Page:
The Path of Least Resistance Human Rights Activism

I’m not a particularly regular visitor to what is nauseatingly referred to as ‘the blogosphere’, but one of my irregular haunts is Harry’s Place.  There is some amusement to be found baiting the the more lunatic right-wing maniacs inhabiting comments, but it also hosts a number of posts from commentators from what might be called the more thoughtful pro-interventionist left (for want of a better term; I realise many of their critics will prefer more measured terminology such as ‘bloodstained criminal apologists for the Bu$h-Bliar Axis of Zionist-Crusader imperialist aggression’).  One of ‘these’, in the sense that is questions received leftie wisdom rather than advocating inteventionism per se,  is a recent post by Sackcloth and Ashes.  This raises the issue of selective human rights activism – in this case the attempt by Edward Snowden to claim asylum in Russia, a country noted for brutal repression and murder of political dissidents.

On the face of it, this is clear hypocrisy.  Well, not just on the face of it.  But it indicates a core rationale which remains unspoken but is, in my opinion, at the heart of why human rights activists often display a clear preference for scrutinising and attacking western liberal governments in particular.

I should make it clear that I’m not claiming that human rights activists do nothing but attack western liberal governments, or that the conduct of western liberal governments does not warrant their scrutiny.  What I am discussing is something which I came across as a young man in the military and which I felt demanded some kind of explanation, namely the corrosive cynicism expressed by all ranks in an infantry unit to human rights activists and lawyers infrequently encountered in Northern Ireland.  I asked about this, only to be told by one NCO that such people had no interest in the human rights of soldiers, local policemen or even civilians murdered by local paramilitaries.  However, they had a great and abiding interest in potential human rights violations alleged against the security forces.  The explanation for this, he believed, came down to two fundamental reasons.

Firstly, a settlement made against a government agency promised big money payouts, while expenses could often be covered by government benefits (such as legal aid).  A claim pursued against an illegal paramilitary organisation had no such prospect of cash reward, despite the incongruous fact that most of the high-profile IRA members thereabouts seemed to own quite successful small businesses and farms which received significant amounts of money from local and central government grants (never mind illegal smuggling operations) while some demonstrated their implaccable opposition to the rule of the British state by accepting welfare benefit from that same state.  As a side note, please don’t assume that I am asserting that loyalist paramilitaries were believed to be any better.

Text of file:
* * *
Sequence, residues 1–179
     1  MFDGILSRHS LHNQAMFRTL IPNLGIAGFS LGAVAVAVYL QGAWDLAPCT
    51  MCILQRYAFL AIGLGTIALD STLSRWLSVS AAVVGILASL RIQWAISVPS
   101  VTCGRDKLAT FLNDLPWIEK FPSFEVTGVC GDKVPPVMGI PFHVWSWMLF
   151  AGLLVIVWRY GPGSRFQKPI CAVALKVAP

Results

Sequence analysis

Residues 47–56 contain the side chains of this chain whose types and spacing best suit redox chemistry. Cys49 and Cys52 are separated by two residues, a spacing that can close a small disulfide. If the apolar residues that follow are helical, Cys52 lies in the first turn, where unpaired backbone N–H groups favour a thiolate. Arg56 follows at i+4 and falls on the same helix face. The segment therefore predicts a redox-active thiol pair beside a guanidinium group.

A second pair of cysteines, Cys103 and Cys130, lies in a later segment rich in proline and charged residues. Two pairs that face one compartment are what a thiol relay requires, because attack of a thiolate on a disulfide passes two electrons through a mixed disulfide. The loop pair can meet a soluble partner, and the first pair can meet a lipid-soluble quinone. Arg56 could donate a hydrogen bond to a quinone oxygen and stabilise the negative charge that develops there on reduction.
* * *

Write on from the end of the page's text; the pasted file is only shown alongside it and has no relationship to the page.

Secondly, pursuing the British government for a compensation settlement involved no greater risk than turning up to interview civil servants or the police in office accomodation or, if the worst came to the worst, in court.  Pursuing paramilitaries for similar settlements risked a beating, a kneecapping, a bomb under the car or a bullet in the head.

Therefore, I was told, human rights activists adopted an unspoken but nonetheless obvious cost/benefit analysis when pursuing cases, the outcome of which was that universal human rights were not in fact universal, but heavily discounted if your human rights were violated by an agency which it was just too inconvenient or risky to pursue.

I wasn’t entirely sure about this at the time, but as time has passed I believe this offers a contributory explanation as to why a British soldier or local civilian murdered by terrorists counted for less with human rights activists than a civilian whose human rights were violated by state agencies.

This is not to say that the treatment of victims of Bloody Sunday, for example, was justified or excusable, or that the manner of their killings or the manner in which the state sought to avoid the truth until the Savile inquiry can be justified.  It is merely to observe that every victim deserved the same level of attention from human rights activists; something that anybody in my unit at least believed was disproved by their direct experience.  I have met several so-called ‘human rights activists’ in my time.  All impressed me with their sincerity, but few had made any efforts to challenge human rights abuses anywhere but against the agents of the state in a western liberal democracy.

What this meant in practice was that the vast majority of the murders which characterised the Northern Ireland conflict were almost ignored beside the minority attributable to state agency.  This dangerously distorted the nature of the conflict and did a genuine disservice to victims of human rights abuses who had the misfortune to suffer at the hands of other agencies.  Agencies which just weren’t as convenient for activists to bother themselves about.

A variation on this theme can be extended to agencies like Wikileaks.  Putting to one side for a minute the egocentric Assange extradition issue, it remains a fact that projects like Wikileaks are governed by their access to material.  Leakers and whistleblowers who provide this material tend to be harder to find in repressive and closed societies to start with.

That doesn’t mean that they shouldn’t be cultivated.  But if they are, it will be by the CIA, while Wikileaks and the like confine themselves to castigating the CIA because it’s just a hell of a lot easier and less dangerous.  This selective treatment means that repressive regimes get what amounts to preferential selective treatment over western liberal democracies when it comes to the abuse of human rights which are supposedly universal.